Chat with us, powered by LiveChat
  • 236
  • 0

Transition from nursery to primary school (‘Big School’)

Moving to BIG school is both an exciting time and a daunting process for both parents and children. For parents, it is a new phase in the life of your child, which should be celebrated. The children are now becoming more independent and ready ‘to take on the world’. However, it is hard for parents, in particular those whose children did not attend preschool and have been home with the parent. There is anxiety on allowing another person to make decisions on the well being of your child. ‘Will they know when he/she is hungry, cold, sad, scared, etc and give them the appropriate attention?’, ‘will he make friends? Will the other children like her?’ Many parents would like to be a fly on the wall of the classroom to observe how their little one is settling in. On the child’s part, it is a different set of issues they may have to deal with. Many children are excited about the prospect of going to BIG school. However, as the day draws near, some anxiety may begin to surface. It is a whole new process afterall that has never been experienced. Some children may become quiet and not want to talk about BIG school, while others will keep asking questions on how the day/class/children will be. Some children may become more sensitive and teary and some may have increasing nightmares. All need reassurance.

The big key to successful transition into BIG school is preparation. This takes different forms and include (but is not limited) to the following:

  • Social stories: read books with the child that the main focus is a child their age going to big school. These stories will touch on some aspects of what some children may be worried about when they first go to big school, for example, where the toilet is, what the teacher will be like, missing your mummy and daddy. Some of the issues discussed may not necessarily apply to your child, but use this as an opportunity to discuss with your child what else they think other children may be worried about and discuss ways of dealing with issues they bring up. If you cannot find books, make up stories. Talk about when an older sibling, aunt, uncle, yourself, a neighbor dealt with issues when they first started school
  • Try and go to open day before school starts to meet other children and organize play date so your child will know someone on that first day
  • Visit the school before hand and meet the teacher and visit the classroom. If this is not possible, drive with your child around the school and point out different areas.
  • Help your child to be as independent as possible and practice at home: using the toilet independently, dressing and undressing (practice with school uniform and sports uniform), opening and packing their lunch bag etc
  • Discuss with your child acceptable behavior
  • Discuss child protection issues (appropriate touching, who they can or cannot go with)
  • Try and build the experience as positively as you can. Do not pass your own anxieties to your child.

Transition from primary to middle/secondary school

Moving to middle/secondary school for some children may be the same as starting a new school year, especially if the child is in a school that encompasses primary, middle and secondary school. This transition has it’s own peculiar set of anxieties attached to it. The children are at the cusps of adolescent and are more image conscious and body aware. They are more focused on how they will be perceived and accepted by their peers based on their body image, dressing, accessories etc. Parents play a role in containing this anxieties and not feeding into it. Support your child by going shopping with them but encourage them to maintain the boundaries set by your family. Over the long summer months, friendships and allegiance may have changed and this may be a source of anxiety for some children. Parents should be tuned to their children and find opportunities to discuss friends with their children. Hopefully, the children would have maintained contact with their friends over the summer months. Irrespective, it is a good idea for parents to encourage or help their children organize meeting up with their peers in a social setting before the first day of school. On the academic side, expectations for middle/secondary school children are very different from primary. This may also be a source of anxiety for some children. Parents can help relieve this anxiety by helping their children organize their school materials.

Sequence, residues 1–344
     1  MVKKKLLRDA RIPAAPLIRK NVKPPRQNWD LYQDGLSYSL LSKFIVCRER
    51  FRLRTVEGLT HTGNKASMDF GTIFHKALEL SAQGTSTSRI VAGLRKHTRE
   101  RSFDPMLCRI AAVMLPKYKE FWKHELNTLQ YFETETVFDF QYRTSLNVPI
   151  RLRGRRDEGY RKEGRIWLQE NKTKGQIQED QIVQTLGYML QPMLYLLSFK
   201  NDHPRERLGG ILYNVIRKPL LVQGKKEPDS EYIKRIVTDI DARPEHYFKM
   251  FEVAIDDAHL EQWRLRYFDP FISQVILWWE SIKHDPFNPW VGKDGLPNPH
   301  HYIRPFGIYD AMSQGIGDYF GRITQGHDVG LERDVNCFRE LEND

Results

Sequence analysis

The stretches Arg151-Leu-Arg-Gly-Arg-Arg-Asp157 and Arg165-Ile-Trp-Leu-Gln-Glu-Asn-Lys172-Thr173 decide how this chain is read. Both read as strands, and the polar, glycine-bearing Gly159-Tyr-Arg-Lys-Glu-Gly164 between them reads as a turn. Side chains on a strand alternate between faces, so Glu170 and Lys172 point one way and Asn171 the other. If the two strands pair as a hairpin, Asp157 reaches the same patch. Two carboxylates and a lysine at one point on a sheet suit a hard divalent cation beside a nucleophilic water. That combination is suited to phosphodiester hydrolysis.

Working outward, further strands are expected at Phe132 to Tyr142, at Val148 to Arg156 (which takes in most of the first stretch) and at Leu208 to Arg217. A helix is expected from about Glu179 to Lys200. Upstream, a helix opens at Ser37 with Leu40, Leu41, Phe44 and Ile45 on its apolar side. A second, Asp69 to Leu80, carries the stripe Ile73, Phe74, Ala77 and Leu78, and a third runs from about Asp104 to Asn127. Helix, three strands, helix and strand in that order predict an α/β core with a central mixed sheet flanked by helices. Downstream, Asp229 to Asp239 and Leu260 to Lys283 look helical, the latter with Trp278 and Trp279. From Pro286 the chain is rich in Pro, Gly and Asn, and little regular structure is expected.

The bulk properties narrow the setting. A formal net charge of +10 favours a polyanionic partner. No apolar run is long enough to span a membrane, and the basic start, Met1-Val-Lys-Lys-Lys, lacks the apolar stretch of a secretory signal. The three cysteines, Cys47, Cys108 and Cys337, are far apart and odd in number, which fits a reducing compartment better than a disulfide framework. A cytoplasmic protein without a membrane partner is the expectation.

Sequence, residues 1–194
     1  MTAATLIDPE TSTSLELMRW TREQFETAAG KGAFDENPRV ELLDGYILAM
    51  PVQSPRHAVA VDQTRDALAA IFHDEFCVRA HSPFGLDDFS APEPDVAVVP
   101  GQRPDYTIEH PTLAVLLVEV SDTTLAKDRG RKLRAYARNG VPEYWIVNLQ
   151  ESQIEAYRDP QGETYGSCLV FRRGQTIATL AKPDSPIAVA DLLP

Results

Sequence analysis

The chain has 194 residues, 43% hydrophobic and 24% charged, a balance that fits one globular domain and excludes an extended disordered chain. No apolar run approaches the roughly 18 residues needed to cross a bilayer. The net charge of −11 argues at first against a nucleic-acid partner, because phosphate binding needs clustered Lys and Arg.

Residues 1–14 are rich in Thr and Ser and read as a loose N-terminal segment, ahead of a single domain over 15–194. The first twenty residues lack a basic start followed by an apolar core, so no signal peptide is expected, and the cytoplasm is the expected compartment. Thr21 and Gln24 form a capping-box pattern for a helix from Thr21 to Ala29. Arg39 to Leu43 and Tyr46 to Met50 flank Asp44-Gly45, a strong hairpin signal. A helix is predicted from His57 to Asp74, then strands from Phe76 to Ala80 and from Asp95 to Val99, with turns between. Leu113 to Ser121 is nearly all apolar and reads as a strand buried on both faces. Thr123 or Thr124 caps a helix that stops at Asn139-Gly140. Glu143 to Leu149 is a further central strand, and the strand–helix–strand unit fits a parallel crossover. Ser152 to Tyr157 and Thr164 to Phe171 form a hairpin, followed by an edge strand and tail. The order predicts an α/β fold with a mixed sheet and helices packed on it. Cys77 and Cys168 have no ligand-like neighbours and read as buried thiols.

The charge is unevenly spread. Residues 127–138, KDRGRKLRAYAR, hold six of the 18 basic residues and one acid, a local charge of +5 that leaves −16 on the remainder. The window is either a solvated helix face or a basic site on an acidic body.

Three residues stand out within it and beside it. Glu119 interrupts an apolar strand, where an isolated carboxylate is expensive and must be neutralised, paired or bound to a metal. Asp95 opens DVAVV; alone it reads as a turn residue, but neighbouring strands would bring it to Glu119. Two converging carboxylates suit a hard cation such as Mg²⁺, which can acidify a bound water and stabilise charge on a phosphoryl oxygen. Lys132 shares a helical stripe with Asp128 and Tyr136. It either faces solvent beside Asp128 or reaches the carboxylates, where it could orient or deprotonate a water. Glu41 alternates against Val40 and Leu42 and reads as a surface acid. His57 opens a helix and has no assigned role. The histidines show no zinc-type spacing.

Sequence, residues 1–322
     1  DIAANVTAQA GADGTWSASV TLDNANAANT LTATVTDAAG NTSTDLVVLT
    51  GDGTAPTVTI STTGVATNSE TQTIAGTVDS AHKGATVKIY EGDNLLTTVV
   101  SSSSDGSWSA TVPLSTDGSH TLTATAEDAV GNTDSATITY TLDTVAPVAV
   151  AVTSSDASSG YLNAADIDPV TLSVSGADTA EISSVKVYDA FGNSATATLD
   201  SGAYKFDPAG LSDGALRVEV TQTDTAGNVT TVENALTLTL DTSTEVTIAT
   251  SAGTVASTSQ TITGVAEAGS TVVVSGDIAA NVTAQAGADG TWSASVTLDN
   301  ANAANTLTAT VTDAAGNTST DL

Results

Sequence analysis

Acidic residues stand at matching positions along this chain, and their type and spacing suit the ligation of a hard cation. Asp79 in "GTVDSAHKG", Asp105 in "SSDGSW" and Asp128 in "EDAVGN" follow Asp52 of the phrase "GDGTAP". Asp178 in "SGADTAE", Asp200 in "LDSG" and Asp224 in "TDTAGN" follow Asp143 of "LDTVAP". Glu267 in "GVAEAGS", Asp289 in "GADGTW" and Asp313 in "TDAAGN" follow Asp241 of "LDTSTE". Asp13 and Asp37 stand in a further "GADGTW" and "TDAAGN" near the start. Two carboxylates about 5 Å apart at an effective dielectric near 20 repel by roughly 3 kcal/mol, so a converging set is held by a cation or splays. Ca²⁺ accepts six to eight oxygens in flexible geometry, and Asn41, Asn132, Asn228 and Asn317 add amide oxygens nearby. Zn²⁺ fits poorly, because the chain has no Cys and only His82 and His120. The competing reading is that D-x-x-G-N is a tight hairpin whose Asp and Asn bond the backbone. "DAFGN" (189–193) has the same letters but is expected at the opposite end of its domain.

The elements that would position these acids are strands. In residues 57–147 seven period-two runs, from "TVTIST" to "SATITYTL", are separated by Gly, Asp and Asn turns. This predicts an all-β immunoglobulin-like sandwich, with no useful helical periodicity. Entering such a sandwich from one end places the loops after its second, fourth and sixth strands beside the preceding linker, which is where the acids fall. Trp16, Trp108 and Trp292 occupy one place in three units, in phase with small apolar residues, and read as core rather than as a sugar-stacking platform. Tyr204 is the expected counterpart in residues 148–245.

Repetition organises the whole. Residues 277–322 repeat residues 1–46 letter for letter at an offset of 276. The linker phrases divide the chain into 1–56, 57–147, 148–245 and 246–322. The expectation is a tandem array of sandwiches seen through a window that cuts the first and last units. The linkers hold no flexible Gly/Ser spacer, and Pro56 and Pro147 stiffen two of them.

For children moving to middle/secondary school in a different campus or new school, other concerns may include going to a new environment where they do not understand the culture and where things are. Hopefully, these children would have had the opportunity to visit the school before hand. If there is an open day before the first day of school, parents should make it a priority to attend. It is also a good idea to drive round the school to familiarize your child with the school.

In all children, starting school or returning, some issues do not develop until the child actually starts school. It is important to deal with issues as they develop and not allow it to fester to become a bigger issue. Be sensitive to your child’s moods and take the opportunity to discuss their day in school in a non-confrontational way. Some signs you may notice in your child suggesting they are struggling include: irritability, crying easily, poor sleep, nightmares, school refusal, not wanting to talk about school. Make an effort to know your child’s teacher and her friends.

Returning to school is an eventful episode in each child’s life. However, if handled right, every child has a successful school year

Add Comment

Your email address will not be published. Required fields are marked *